Why Marine Protected Areas In Northern Europe Are Failing To Actually Protect Marine Life

Source: Phys.org/Fauna & Flora International

Photo: NOAA/Wikimedia Commons 

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A recent paper on the effectiveness of Marine Protected Areas (MPAs) in northern Europe (“Elevated trawling inside protected areas undermines conservation outcomes in a global fishing hot spot”) reveals that industrial-scale fishing – primarily the use of bottom-trawl fishing – is widespread in so-called protected areas that were established specifically to safeguard highly biodiverse marine and coastal habitats across the North Sea. We welcome this important and timely piece of research. Unfortunately, a number of the press reports that covered this paper’s findings included sensationalist – and misleading – headlines that are potentially very damaging to the cause of marine conservation.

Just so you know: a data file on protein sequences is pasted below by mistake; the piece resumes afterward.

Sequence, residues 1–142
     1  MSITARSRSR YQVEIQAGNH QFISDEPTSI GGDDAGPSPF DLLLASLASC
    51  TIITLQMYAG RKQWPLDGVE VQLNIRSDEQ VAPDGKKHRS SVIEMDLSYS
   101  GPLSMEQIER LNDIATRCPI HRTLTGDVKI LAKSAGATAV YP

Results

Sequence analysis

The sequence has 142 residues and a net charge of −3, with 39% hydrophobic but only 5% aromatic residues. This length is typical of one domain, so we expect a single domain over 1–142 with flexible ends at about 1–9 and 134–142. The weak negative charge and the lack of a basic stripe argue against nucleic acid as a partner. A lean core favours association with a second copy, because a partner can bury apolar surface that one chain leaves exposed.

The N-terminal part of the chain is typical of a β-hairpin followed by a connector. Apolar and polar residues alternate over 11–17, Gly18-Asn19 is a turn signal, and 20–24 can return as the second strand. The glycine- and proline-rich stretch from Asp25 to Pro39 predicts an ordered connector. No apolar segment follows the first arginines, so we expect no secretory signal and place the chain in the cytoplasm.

Through looking at levels of destructive trawling and the presence of sharks and rays in North Sea MPAs, the paper concludes that these sites are failing to restrict damaging fishing and, therefore, to help in the recovery of threatened species. A similar situation exists in Scotland where – of the 31 MPAs designated for nature conservation – only six wholly restrict bottom-trawl and dredge fishing. This paper raises an important issue that Fauna & Flora International (FFI) has grappled with across the areas where we work. It is clear that MPAs – as a tool for conserving  – will be effective only if they are well implemented and offer genuine, unambiguous protection for marine life.

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Photo: NOAA/Wikimedia Commons

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